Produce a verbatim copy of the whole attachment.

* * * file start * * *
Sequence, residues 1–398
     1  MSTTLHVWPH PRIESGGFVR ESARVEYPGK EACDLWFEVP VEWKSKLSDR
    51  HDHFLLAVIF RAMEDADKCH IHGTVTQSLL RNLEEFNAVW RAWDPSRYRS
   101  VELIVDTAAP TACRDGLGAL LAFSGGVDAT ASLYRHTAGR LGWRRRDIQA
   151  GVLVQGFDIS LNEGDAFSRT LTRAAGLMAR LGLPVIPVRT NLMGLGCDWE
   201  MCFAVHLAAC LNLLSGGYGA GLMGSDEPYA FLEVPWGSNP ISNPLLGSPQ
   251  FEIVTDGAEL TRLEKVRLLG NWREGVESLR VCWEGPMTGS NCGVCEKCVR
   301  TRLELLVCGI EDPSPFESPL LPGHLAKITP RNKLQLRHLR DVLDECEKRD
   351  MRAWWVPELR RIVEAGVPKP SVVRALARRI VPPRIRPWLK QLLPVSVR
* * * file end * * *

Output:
Sequence, residues 1–398
     1  MSTTLHVWPH PRIESGGFVR ESARVEYPGK EACDLWFEVP VEWKSKLSDR
    51  HDHFLLAVIF RAMEDADKCH IHGTVTQSLL RNLEEFNAVW RAWDPSRYRS
   101  VELIVDTAAP TACRDGLGAL LAFSGGVDAT ASLYRHTAGR LGWRRRDIQA
   151  GVLVQGFDIS LNEGDAFSRT LTRAAGLMAR LGLPVIPVRT NLMGLGCDWE
   201  MCFAVHLAAC LNLLSGGYGA GLMGSDEPYA FLEVPWGSNP ISNPLLGSPQ
   251  FEIVTDGAEL TRLEKVRLLG NWREGVESLR VCWEGPMTGS NCGVCEKCVR
   301  TRLELLVCGI EDPSPFESPL LPGHLAKITP RNKLQLRHLR DVLDECEKRD
   351  MRAWWVPELR RIVEAGVPKP SVVRALARRI VPPRIRPWLK QLLPVSVR